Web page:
I just returned from a two week research trip in Germany. While I was there the European Court of Human Rights in Strasbourg, France ruled that crucifixes are OK in Italian public school classrooms. An atheist had brought the lawsuit, challenging the display of the Catholic symbol in secular public schools. According to a recent article in the Washington Post, the Vatican argued that crucifixes are “an expression of the cultural and religious identity of traditionally Christian countries,” not a form of indoctrination.
As uncomfortable as I may be taking the same side as atheists, I disagree with the court ruling. What the majority sees as an expression of cultural or religious identity, the minority have to endure as a visible reminder of cultural and religious domination. While I don’t believe that public spaces must be religion-free zones, secular governments should not be allowed to favor one religion over others.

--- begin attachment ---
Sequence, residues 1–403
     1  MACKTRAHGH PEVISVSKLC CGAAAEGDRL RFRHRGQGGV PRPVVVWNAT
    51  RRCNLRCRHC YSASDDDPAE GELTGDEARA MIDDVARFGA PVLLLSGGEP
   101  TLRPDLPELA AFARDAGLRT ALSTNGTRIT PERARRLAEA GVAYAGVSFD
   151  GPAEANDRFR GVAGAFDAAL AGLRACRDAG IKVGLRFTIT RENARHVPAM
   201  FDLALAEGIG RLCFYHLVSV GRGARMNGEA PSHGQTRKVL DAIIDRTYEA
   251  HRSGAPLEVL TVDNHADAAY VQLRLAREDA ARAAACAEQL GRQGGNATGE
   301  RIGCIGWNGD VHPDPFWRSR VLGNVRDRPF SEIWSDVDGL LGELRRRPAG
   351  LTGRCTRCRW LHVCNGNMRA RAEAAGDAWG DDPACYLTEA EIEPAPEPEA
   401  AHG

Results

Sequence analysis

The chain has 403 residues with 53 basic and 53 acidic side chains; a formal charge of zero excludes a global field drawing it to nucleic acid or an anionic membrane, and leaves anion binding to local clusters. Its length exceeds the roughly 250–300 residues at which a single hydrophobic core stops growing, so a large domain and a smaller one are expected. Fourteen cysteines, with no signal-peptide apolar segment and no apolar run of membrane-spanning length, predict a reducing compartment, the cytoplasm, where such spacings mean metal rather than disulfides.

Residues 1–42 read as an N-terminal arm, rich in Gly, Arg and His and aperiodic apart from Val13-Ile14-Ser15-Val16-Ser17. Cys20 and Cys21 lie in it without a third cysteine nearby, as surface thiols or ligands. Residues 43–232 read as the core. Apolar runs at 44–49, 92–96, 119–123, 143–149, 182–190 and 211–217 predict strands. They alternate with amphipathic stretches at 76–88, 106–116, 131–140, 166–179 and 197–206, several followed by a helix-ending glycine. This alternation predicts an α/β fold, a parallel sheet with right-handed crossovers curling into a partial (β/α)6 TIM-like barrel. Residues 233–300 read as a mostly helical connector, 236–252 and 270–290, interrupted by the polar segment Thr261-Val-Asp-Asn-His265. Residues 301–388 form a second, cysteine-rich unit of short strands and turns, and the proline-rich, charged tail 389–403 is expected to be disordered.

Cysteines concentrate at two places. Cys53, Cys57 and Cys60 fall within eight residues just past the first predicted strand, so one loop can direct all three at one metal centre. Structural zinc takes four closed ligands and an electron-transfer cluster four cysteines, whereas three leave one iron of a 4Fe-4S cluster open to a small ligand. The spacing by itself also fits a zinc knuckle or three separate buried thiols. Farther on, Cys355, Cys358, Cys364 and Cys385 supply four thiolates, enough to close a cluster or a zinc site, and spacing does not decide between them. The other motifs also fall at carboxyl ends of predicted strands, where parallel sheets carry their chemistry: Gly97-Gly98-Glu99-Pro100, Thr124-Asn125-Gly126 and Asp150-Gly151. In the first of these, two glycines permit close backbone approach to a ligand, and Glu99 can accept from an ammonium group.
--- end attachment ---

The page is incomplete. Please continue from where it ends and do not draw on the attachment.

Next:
Imagine what might happen in our country if those in the majority were allowed to write the rules for everyone. Public schools in Utah would ban caffeinated beverages. In Dearborn, MI schools might provide kufis and prayer rugs to those who want to pray toward Mecca. In predominately Baptist towns might prohibit dancing at school sponsored events. Brooklyn schools could say no to pork and shellfish.
A supporter of the court’s ruling might point out that unlike some of my examples above the Italian schools aren’t forcing or forbidding anything; they’re merely displaying a symbol. But symbols communicate power, whether it’s a crucifix or a confederate flag, and they’re constant reminders of who’s in control.
Religious freedom doesn’t mean freedom from religion, but it also doesn’t mean favoring one religion over others.